October 20, 2014
Letter from the editor
A month ago, the three authors featured in this issue came to Burlington to read from their work. It was wonderful to hear the voices behind the voice in their writing, and fitting to hear them in person: the work is personal, interpersonal, and intimate, but it speaks to a broader audience—to all of us who find ourselves self-consciously interacting with the present while privately engaging with the past. To anyone keeping a secret—to anyone who is a parent. In thinking about the challenge of editing, I returned to one of my favorite books on writing, Stephen Dobyns’ Best Words, Best Order. I was struck anew by a quote he brings in from Chekhov. The only task of the artist, Chekhov says, is “to know how to distinguish important testimony from unimportant.” The same could be said of the editor.
In Alan Kennedy’s story, the protagonist takes on the burden of a secret that sets her at odds with her self-image. Behind this story I hear the ghost of Hawthorne’s Wakefield, a man who left his house one day, took a room on a nearby street, and then returned to his wife twenty years later without explanation. At first we think Beanie is Wakefield, leaving her husband without telling him, but then we begin to wonder if Carol is the one who shares what Hawthorne calls “Wakefield’s unprecedented fate”: “to retain his original share of human sympathies, and to be still involved in human interests, while he had lost his reciprocal influence on them.” Carol stays at home, caring for her impaired husband, whose greatest fear is that he will have to go away; but of course he is the one who has gone away, forever—or, as Carol says, “Always.” Carol begins to go away from herself, just far enough to see herself and not like what she sees. Or is it Beanie who has gone away from her? How many different ways we can be Wakefields.
Parenting is like having a secret you know your children will have to find out: the secret of history, of human nature, of suffering. As Artress Bethany White writes in “Almost a Mother”: “It is the heart that contracts / in these moments / instead of the womb.” I can read so much into that contrasting “contracts”: the womb contracts to give birth, in this case prematurely; the heart contracts, gets smaller, in avoidance of pain, even as it becomes infected, contracting feelings of loss and inadequacy. But to contract is also to enter into an agreement, to form a resolve, and we feel this strength in the stance White’s poems take toward the world, and specifically toward the “secret” of racism. In “Coils” she writes: “Daughter / your hair will govern your life / is what I think / but do not say.” Hair is a synecdoche, here, a part for the whole, which is the way racism works, but also what White uses to combat its effects. The Greek word means “to take on a share of,” and while aware of the burden she is passing on, White transmutes that bitterness into trust that her daughter will find the words she needs, the wit to defend herself, the humor we see White pass on through her poems.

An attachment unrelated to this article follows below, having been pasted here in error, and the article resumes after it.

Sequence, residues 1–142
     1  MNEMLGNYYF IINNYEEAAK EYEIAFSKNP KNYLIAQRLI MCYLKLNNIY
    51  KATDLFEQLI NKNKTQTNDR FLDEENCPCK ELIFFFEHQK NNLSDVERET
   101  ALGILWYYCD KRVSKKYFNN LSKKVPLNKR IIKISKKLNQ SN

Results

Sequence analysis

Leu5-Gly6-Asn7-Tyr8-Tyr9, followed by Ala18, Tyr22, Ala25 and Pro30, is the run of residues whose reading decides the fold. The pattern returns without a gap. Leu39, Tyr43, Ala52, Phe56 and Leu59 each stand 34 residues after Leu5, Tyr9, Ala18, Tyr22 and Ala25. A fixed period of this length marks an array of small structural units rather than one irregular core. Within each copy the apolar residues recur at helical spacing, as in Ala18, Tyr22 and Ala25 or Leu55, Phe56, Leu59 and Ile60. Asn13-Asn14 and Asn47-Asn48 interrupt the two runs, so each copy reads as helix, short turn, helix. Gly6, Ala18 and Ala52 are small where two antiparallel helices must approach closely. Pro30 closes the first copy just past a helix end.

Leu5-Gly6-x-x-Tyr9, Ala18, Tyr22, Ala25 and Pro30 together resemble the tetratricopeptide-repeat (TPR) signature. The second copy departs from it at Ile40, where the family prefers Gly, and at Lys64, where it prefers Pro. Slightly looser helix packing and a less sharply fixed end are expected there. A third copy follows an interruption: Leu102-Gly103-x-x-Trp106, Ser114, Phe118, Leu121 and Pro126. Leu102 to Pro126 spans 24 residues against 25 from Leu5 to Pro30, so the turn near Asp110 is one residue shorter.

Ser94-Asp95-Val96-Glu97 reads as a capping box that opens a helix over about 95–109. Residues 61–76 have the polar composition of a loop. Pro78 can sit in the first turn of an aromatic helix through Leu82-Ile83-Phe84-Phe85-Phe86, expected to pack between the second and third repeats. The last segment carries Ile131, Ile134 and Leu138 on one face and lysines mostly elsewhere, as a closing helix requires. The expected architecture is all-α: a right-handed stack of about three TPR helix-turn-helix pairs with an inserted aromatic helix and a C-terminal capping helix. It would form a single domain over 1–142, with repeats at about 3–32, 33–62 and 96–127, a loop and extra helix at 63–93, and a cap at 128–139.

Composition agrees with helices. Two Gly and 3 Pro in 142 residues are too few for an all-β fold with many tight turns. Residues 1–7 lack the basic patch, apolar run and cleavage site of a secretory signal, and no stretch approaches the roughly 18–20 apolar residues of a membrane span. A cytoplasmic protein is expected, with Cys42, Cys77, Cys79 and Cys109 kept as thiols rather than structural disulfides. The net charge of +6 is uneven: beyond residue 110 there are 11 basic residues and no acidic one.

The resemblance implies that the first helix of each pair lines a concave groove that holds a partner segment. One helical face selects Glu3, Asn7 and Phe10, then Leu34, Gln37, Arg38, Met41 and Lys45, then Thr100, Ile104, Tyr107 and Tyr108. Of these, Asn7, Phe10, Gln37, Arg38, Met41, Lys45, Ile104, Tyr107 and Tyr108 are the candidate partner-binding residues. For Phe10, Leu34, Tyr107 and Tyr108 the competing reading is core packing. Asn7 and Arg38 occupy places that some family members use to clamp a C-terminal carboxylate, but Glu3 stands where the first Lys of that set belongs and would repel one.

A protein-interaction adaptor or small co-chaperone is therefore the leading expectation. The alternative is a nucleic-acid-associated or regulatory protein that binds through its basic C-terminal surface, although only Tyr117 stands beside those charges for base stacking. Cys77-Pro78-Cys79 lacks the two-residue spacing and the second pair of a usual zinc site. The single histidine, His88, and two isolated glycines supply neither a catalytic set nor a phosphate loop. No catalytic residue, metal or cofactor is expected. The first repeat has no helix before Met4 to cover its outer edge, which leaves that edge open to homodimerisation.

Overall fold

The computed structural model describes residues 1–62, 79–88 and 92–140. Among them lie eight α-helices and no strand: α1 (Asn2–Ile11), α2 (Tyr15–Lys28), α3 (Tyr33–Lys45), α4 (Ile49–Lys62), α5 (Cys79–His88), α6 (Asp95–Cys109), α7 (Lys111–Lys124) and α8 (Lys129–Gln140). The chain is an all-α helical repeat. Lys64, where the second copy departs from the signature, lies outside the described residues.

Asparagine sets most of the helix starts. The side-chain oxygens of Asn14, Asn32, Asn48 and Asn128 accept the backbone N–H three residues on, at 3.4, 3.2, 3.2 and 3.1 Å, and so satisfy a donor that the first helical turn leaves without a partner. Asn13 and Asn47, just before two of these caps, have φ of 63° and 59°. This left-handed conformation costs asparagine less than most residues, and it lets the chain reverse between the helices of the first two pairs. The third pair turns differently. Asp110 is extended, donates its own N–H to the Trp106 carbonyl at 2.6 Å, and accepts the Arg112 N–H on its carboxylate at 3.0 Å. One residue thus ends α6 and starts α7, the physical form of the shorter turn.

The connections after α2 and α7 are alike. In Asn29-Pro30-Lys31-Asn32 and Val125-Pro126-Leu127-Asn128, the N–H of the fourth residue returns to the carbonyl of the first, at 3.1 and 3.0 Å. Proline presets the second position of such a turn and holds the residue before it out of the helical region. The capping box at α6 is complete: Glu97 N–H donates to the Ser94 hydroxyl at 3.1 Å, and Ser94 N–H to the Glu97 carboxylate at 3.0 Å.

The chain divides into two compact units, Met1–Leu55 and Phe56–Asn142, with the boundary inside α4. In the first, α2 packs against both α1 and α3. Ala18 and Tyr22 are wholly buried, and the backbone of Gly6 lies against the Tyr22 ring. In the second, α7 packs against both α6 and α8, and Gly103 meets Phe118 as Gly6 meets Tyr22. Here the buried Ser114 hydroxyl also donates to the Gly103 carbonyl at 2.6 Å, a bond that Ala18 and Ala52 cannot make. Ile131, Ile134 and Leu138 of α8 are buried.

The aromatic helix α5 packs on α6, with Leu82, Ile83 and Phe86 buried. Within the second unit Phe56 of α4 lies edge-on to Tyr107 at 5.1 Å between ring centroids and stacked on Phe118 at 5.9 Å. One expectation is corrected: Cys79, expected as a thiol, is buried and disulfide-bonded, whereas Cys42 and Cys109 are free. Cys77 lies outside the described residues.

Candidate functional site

R.A. Lev shows a kindred resolve, as she becomes aware of all she is bringing to her son’s swim lessons: her own sense of drowning in her past, with her family’s history of domestic abuse. “I don’t want my son to be comfortable,” she writes. “I want to save his life.” She wants to give him a confidence and assertiveness she lacks, and spare him pain, even as she knows that “that pain will make him who he is, who he becomes.” And knows that part of it will come from her: the list of things she has told past boyfriends about her father is the list of things she will one day tell her son about his grandfather. Past and present tense are interchangeable in “The Swim Lesson.” Lev could easily say, as Linda Craddock says of her artwork: “What we understand as being “now” is in fact an amalgamation of personal and collective experiences interacting with a current framework of existence. … The conflict between conscious memory, subconscious memory, and reality form the framework for my work.”
The images of the town in rural Alberta that Craddock moved away from—another Wakefield—fall into two overlapping categories: Change and Memory. In the painting “Memory: Saturday Night,” the things we can see are peripheral, cut off, while we are drawn to the reddish center, as if seeing through closed eyes—we feel the effort of memory in the painting, of trying to call up what used to be there. Marking all these works is an ambivalence—whether, as Craddock puts it, to get more involved with the past or distance oneself from it. From “Wakefield,” again: “Amid the seeming confusion of our mysterious world, individuals are so nicely adjusted to a system, and systems to one another and to a whole, that, by stepping aside for a moment, a man exposes himself to a fearful risk of losing his place forever.” But isn’t that what art is for? To take us out of those systems, those habits, to make us step aside and lose ourselves, to put us all on equal footing: unsure of our place, open to change.
Rebecca Starks, editor-in-chief